The journey that Gustad Noble undergoes concerns how he comes to terms with these sentiments, in understanding that there are some things that he will not have the power to change in his life. The fact the film is set against a society in which political change seems imminent demonstrates just how richly layered it is, much like the layers of religious chalk drawings that are eventually portrayed on the wall that he tries to save. The film's climax results in more than one breakdown — yet, while certain things of importance are demolished, others are restored at the same time.

Canadian director Sturla Gunnarsson (Gerrie & Louise, Diplomatic Immunity, The Diary of Evelyn Lau) is to be commended for not turning the film's emotional moments into melodrama, and allowing the actors to create sympathetic characters whose actions do not always inspire our compassion. Renowned actor Roshan Seth is nearly flawless as Gustad Noble, and praise is also due to Kurush Deboo (Percy) who plays an overly hyperactive mentally challenged man named Tehmul, not-so-affectionately labeled "Scrambled Eggs" by his neighbors. His performance could have been taken over the top in the hands of a lesser actor, or manipulated for unnecessary comic relief, yet he succeeds in presenting us with a character that is fully realized rather than one-note. As such, he turns what could easily have been a highly annoying performance into a very watchable one.

My only complaints about the film are minor ones dealing with a few surface details. The use of flashbacks in the film are not handled well, and make certain moments at the beginning of the film structurally awkward, as we learn about some key events in Noble's past. These flashbacks often complicate rather than simplify, and would have been better left out of the adaptation, or else their content handled differently.

Related to these flashbacks is the overuse of a yellow tinge by cinematographer Jan Kiesser when lighting certain scenes of emotional importance, in both past and present sequences in the film, blanketing his subjects in an overly warm glow. This effect creates a forced, hyper-naturalistic feeling, and I would rather have seen the actors bring such a mood to the screen on their own, instead of having it filtered down upon them from above. Aside from this small point, however, the cinematography is commendable, as Kiesser repeatedly uses light to create a contrast of textures; flashes of colour are often abruptly contrasted against neutral tones; beads of dripping sweat against dry or dirty skin; warm flesh against cold plastic.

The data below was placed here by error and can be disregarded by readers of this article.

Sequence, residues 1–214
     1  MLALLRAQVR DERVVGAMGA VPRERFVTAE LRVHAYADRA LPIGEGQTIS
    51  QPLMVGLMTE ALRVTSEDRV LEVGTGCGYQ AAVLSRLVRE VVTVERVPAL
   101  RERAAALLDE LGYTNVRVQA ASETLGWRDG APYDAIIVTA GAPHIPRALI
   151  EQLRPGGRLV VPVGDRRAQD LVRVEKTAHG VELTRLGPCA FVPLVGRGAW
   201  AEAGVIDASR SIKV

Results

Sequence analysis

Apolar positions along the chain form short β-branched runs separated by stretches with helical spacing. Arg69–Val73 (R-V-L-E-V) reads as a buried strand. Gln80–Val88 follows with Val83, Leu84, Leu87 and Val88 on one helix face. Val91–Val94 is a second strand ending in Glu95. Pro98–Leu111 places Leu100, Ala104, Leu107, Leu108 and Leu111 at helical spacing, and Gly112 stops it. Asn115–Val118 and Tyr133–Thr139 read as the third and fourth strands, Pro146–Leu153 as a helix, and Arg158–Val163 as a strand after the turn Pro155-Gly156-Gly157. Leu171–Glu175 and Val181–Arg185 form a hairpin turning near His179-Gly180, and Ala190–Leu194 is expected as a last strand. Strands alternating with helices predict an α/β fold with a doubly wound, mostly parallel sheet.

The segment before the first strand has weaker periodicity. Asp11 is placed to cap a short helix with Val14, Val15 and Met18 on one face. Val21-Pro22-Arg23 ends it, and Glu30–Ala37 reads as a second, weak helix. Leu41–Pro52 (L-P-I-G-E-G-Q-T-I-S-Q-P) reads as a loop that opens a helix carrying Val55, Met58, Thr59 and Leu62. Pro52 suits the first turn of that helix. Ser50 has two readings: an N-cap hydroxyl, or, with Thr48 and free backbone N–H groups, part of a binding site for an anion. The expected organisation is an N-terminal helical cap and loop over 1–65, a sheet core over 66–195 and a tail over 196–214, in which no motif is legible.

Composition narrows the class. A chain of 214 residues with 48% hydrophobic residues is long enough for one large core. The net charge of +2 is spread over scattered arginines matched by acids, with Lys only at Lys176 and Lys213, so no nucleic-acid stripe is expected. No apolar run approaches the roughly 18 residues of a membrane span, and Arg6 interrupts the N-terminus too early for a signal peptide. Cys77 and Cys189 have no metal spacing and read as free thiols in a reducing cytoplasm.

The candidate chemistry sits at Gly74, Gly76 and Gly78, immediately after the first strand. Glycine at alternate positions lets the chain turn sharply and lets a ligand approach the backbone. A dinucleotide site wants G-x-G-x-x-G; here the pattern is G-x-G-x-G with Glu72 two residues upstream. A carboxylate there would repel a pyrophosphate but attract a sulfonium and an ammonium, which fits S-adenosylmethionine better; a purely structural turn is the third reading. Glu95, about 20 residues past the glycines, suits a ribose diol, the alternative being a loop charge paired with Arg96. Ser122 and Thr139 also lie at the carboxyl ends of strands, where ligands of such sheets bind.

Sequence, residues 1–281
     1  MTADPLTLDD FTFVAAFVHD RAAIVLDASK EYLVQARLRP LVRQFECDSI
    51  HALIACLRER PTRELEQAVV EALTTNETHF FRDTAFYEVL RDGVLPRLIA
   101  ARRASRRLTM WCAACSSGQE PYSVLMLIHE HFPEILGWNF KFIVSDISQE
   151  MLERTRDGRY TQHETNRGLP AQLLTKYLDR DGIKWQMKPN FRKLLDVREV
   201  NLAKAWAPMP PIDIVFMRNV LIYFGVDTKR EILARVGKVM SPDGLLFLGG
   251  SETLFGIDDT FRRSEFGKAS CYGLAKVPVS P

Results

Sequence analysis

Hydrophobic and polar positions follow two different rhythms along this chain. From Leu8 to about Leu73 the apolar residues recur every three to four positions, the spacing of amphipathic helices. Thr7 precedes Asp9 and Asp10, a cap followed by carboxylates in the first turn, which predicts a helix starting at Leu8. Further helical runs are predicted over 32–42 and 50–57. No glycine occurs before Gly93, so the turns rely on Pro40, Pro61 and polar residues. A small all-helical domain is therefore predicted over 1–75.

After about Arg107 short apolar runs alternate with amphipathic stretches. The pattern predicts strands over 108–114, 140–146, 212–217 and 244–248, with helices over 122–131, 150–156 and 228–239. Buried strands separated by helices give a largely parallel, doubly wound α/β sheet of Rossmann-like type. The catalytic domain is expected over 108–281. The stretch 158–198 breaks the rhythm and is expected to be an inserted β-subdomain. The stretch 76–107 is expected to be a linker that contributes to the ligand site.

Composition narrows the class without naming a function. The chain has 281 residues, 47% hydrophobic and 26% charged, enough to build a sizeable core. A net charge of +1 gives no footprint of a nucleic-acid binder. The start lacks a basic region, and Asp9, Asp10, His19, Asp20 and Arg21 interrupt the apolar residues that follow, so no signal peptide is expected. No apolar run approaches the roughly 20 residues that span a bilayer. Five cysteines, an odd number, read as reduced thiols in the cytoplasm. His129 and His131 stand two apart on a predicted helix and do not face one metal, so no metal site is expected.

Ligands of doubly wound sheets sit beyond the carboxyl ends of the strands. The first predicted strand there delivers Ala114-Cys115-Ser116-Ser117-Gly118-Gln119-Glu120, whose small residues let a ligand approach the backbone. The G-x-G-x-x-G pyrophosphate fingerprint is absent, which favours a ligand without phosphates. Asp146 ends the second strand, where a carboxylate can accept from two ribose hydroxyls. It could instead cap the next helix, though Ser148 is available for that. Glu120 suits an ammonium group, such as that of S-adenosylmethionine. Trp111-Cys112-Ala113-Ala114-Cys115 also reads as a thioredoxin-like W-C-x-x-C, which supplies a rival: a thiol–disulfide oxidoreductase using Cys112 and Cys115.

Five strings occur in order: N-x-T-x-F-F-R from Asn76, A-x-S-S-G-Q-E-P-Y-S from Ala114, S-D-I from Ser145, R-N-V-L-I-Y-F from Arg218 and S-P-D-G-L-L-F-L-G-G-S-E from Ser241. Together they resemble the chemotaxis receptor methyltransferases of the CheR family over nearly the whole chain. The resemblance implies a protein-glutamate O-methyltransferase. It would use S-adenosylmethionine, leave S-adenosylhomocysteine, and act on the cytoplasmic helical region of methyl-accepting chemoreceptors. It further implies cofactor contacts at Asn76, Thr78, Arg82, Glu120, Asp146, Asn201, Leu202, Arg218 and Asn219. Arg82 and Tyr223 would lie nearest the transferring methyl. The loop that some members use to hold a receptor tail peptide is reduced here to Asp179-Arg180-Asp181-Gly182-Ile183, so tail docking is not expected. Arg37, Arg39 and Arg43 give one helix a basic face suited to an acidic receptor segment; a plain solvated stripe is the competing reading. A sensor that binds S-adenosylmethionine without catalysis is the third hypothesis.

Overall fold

Such a Long Journey is a film not to be overlooked. It can be viewed on many levels, because of the many layers that it contains, and as such it should please a variety of different crowds. In closing, I offer the following quote from Shakespeare (which is only fitting, since the Bard's works serve as a plot device in the film, literally), from the lesser known play Timon of Athens-Act. V, Sc. 1:

And tell them that, to ease them of
their griefs,
Their fears of hostile strokes, their
aches, losses,
Their pangs of love, with other
incident throes
That nature's fragile vessel doth
In life's uncertain voyage...

Handprint design by Sherazad Jamal.
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Blair Davis is a freelancer writer who lives in Vancouver.
Rungh Redux Winner 2022 Award of Merit Innovative Practice
Rungh Redux Winner 2022 Award of Merit Innovative Practice